Literature Review On Colonialism

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GL3101 Book Review Paper Name: Siew Hui Hui Constance Book: Mahoney, James. 2010. Colonialism and Postcolonial Development: Spanish America in Comparative Perspective. New York: Cambridge University Press. Word count without headers and footnotes: 1096 Total word count: 1056 Date: 25 September 2016 Introduction This paper will critically review Mahoney’s Colonialism and Postcolonial Development: Spanish America in Comparative Perspective. Mahoney’s research question is why and how different “modes of colonialism” arose within certain states, and how these modes contributed to differentiated socioeconomic outcomes for these states in the longrun. He hypothesizes that variations in the level of colonialism, both rooted in and in conjunction with…show more content…
While the former is not without its flaws, it is still considerably stabler than the latter two. Mahoney’s focus is on the historical factors that cause developmental differences to persist over time, and data regarding either absolute levels or rates tend to be rooted in shortterm factors, whereas relative levels of development point more at historically enduring factors. Limitations of Mahoney’s research design Counterfactuality and limited validity One of Mahoney’s hypotheses is that societies which have undergone low levels of colonisation under liberal colonial regimes tend to perform lower in global hierarchies of development over time. As some critics have mentioned however, countries like Costa Rica and Chile have outperformed in the period of postindependence as the “economic and social leaders in the region”, a fact which Mahoney attempts to explain away with a section on “interstate warfare”1. As critics have similarly mentioned, given how Mahoney himself prefers a pathdependent/ historicist approach, such occurrences should theoretically have…show more content…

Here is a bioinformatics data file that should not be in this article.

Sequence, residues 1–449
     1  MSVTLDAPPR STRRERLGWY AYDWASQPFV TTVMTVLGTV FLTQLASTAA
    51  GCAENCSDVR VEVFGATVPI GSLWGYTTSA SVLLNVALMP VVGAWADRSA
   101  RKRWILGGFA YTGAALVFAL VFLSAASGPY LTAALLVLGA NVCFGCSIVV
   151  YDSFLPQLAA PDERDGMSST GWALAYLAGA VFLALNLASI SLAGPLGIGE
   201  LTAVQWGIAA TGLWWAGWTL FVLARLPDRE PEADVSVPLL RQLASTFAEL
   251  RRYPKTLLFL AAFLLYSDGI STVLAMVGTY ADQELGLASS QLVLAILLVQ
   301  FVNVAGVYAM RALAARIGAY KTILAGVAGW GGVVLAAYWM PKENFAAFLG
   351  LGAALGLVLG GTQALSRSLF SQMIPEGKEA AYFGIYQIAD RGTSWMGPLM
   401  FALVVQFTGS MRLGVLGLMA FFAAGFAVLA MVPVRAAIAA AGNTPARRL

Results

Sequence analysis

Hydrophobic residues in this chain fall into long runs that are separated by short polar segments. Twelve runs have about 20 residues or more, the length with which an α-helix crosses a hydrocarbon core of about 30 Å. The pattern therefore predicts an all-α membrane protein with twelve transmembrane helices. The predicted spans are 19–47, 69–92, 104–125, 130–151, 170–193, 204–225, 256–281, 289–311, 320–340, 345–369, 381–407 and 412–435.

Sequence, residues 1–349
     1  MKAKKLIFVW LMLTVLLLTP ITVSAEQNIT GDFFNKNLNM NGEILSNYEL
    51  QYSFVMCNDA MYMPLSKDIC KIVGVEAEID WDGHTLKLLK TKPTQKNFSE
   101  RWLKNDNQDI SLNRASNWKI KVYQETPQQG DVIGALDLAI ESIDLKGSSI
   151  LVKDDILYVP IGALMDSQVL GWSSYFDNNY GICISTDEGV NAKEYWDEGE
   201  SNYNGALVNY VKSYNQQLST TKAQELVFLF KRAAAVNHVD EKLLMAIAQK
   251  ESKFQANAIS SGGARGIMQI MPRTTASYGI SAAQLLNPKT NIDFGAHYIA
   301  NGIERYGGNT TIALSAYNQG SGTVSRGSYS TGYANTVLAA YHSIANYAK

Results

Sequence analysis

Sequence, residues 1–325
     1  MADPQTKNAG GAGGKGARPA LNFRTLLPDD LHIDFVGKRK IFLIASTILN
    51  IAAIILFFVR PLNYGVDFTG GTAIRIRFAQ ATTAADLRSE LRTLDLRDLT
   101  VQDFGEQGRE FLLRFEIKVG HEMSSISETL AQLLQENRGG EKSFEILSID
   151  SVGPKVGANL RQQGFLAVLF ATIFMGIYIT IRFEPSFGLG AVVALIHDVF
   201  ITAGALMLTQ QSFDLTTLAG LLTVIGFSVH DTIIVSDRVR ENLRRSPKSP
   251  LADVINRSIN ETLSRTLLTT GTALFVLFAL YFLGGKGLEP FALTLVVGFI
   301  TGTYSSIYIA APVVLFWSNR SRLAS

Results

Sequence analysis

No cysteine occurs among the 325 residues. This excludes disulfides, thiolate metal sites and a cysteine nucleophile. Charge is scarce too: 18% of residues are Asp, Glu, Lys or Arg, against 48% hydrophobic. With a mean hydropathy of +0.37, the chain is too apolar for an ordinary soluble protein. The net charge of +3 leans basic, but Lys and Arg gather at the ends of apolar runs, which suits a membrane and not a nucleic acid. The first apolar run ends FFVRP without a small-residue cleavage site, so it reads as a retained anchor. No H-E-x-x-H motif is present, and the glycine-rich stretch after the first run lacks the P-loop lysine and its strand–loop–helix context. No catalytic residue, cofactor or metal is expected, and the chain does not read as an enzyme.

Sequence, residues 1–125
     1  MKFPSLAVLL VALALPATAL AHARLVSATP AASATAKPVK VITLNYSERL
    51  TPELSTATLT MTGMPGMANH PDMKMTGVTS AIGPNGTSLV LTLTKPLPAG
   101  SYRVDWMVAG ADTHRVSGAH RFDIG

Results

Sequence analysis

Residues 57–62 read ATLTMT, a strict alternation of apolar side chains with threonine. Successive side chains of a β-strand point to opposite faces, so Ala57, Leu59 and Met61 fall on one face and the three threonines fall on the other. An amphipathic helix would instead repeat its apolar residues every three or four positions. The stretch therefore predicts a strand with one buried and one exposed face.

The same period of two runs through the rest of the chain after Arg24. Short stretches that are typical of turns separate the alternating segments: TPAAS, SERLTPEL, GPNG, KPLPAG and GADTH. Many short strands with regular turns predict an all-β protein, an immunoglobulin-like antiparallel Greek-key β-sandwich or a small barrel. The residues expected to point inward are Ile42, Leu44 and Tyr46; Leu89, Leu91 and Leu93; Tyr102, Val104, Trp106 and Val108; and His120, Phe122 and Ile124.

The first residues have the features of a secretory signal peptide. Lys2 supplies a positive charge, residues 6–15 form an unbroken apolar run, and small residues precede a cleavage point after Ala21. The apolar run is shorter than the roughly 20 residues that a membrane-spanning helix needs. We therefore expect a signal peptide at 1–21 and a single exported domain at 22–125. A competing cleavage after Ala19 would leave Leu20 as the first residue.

4 See Fisher, J. (2012). Colonialism and postcolonial development: Spanish america in comparative perspective Duke University Press. colonised societies with mentalities of cultural and religious superiority, frequently interpreting cultural and institutional difference either as ignorance of the Other, degrading it or simply ignoring it. One of the book’s crucial independent variables however is the fit between the institutions of the host society and that of the coloniser’s, where the “institutional complexity of precolonial societies are crucial for understanding why European colonizers with similar political economies follow contrasting modes of colonization”. Given how central the author deems this variable, the onesidedness of the sources depicting the landscape of the host societies’ institutions calls into question the validity of his argument: firstly, there could have well been complex institutions in place in the precolonial societies, but they simply were not recorded. Particular nonacknowledged forms of complexity of institutions in these societies could well have been a source of significant confounding variables. This thus casts doubt on the strength of causality the supposed complexity of precolonial societies had on the type of colonial
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